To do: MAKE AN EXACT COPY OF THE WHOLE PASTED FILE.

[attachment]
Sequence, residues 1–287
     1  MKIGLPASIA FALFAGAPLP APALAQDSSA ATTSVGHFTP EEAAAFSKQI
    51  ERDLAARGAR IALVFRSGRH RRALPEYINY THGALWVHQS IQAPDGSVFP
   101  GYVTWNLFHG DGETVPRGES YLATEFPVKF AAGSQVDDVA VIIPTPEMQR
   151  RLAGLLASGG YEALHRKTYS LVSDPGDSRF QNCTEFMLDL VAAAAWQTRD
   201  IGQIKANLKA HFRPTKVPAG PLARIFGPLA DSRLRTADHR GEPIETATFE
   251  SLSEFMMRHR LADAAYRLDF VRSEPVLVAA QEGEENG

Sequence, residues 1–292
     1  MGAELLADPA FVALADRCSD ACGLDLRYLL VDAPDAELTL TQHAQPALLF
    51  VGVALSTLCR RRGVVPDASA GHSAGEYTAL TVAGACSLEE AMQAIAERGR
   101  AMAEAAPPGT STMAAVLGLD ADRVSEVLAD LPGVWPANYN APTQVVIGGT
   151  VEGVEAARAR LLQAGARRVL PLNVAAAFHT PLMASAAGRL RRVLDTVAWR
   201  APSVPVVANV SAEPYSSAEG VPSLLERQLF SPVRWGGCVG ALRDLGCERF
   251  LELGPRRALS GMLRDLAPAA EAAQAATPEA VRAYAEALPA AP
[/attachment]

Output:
Sequence, residues 1–287
     1  MKIGLPASIA FALFAGAPLP APALAQDSSA ATTSVGHFTP EEAAAFSKQI
    51  ERDLAARGAR IALVFRSGRH RRALPEYINY THGALWVHQS IQAPDGSVFP
   101  GYVTWNLFHG DGETVPRGES YLATEFPVKF AAGSQVDDVA VIIPTPEMQR
   151  RLAGLLASGG YEALHRKTYS LVSDPGDSRF QNCTEFMLDL VAAAAWQTRD
   201  IGQIKANLKA HFRPTKVPAG PLARIFGPLA DSRLRTADHR GEPIETATFE
   251  SLSEFMMRHR LADAAYRLDF VRSEPVLVAA QEGEENG

Sequence, residues 1–292
     1  MGAELLADPA FVALADRCSD ACGLDLRYLL VDAPDAELTL TQHAQPALLF
    51  VGVALSTLCR RRGVVPDASA GHSAGEYTAL TVAGACSLEE AMQAIAERGR
   101  AMAEAAPPGT STMAAVLGLD ADRVSEVLAD LPGVWPANYN APTQVVIGGT
   151  VEGVEAARAR LLQAGARRVL PLNVAAAFHT PLMASAAGRL RRVLDTVAWR
   201  APSVPVVANV SAEPYSSAEG VPSLLERQLF SPVRWGGCVG ALRDLGCERF
   251  LELGPRRALS GMLRDLAPAA EAAQAATPEA VRAYAEALPA AP